• Carpetbaggers
  • Sharecropping & Tenant Farming
  • 15th Amendment
  • 40 Acres and a Mule
  • Collapse of Reconstruction
  • Ku Klux Klan
  • Enforcement Acts
  • Civil Rights Act of 1875
  • Democrats Redeem South
  • Compromise of 1877

Hell on Wheels:  

Stories of the Transcontinental Railroad 

Read p. 58-67 in your Reconstructing America mini book and then answer Hell on Wheels: Transcontinental Railroad questions in your COMP books: 

  1. What was the perception or opinion of the Transcontinental Railroad?  Meaning did people view this as a good thing for this nation or something that exploited the immigrants and the working man of our country?
  2. Why did the Chinese and Irish immigrant populations come here and work the railroads?
  3. Name three positives that came out of the Transcontinental Railroad and industrialization?
  4. Name three negatives that came out of the Transcontinental Railroad and industrialization? 
  5. What was the Homestead Act and who did it benefit?
  6. Why does the government set up competition between the two railways?
  7. What is the experience of Native Americans when meeting the railroad?  What does the government plan to do to protect settlers from Native Americans? 

The "Golden Spike" (also known as "The Last Spike") is the ceremonial final spike driven by Leland Stanford to join the rails of the First Transcontinental Railroad across the United States connecting the Central Pacific and Union Pacific railroads on May 10, 1869, at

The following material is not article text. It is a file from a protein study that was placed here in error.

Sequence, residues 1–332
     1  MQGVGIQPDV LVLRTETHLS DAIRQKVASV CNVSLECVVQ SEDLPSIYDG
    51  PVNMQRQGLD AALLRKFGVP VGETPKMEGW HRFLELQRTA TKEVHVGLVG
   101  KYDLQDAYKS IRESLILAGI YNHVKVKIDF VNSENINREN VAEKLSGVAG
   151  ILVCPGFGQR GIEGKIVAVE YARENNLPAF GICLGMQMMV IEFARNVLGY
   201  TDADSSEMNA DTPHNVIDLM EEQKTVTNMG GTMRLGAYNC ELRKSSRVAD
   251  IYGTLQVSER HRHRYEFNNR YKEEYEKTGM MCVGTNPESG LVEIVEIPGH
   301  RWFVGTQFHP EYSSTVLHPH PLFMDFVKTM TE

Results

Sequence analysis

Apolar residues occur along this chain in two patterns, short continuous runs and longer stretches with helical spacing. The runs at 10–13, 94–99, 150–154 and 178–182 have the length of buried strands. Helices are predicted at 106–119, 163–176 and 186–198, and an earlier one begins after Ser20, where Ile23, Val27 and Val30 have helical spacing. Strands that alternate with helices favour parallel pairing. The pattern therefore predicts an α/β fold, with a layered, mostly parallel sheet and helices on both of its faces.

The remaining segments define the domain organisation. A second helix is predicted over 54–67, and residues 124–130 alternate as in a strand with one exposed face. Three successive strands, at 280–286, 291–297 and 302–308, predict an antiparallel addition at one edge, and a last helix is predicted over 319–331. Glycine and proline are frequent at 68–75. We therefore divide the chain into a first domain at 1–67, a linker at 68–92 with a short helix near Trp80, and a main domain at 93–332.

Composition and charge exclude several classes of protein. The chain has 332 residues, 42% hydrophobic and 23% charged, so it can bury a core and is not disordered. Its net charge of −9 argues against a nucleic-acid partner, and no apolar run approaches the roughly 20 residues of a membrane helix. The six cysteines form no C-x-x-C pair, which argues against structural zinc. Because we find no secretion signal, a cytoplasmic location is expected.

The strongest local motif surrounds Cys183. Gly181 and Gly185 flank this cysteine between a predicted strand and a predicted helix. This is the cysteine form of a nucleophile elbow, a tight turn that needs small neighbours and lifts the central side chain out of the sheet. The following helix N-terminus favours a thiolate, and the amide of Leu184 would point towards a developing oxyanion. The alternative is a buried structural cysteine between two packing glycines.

Promontory Summit, Utah Territory.

BONUS:  The Transcontinental Railroad was cut right through the Sierra Nevada at a point named the Donner Pass. So why is it called the Donner Pass?  What happened to the Donner Party?  

Best (or Worst) of the West

Hollywood has made all of the following outlaws and entertainers famous or infamous depending on one's perception.  Some of these stories became part of the American folklore (see Dime Novels below).  Your assignment is to pick an outlaw or entertainer or area of your interest below, then answer the following questions.  Remember the good stories because you will be teaching!  If there is a Wild West outlaw that you are interested in researching that didn't make this list, like the Apache Kid, then just ask or email Mr. Streit and odds are it will be fine!  

Before the West

Lawmen turned Outlaws of the Wild West

Entertainers of the West

After the West
  • Bonnie & Clyde (Not the Wild West, but an amazing story I had to fit in somewhere)

Best (or Worst) of the West Questions:

  1. How does your outlaw or entertainer become so famous?  Give us the good stories!  
  2. What was their childhood like?  Why did they decide on a life of crime or entertainment?
  3. How does your outlaw/entertainer's story end?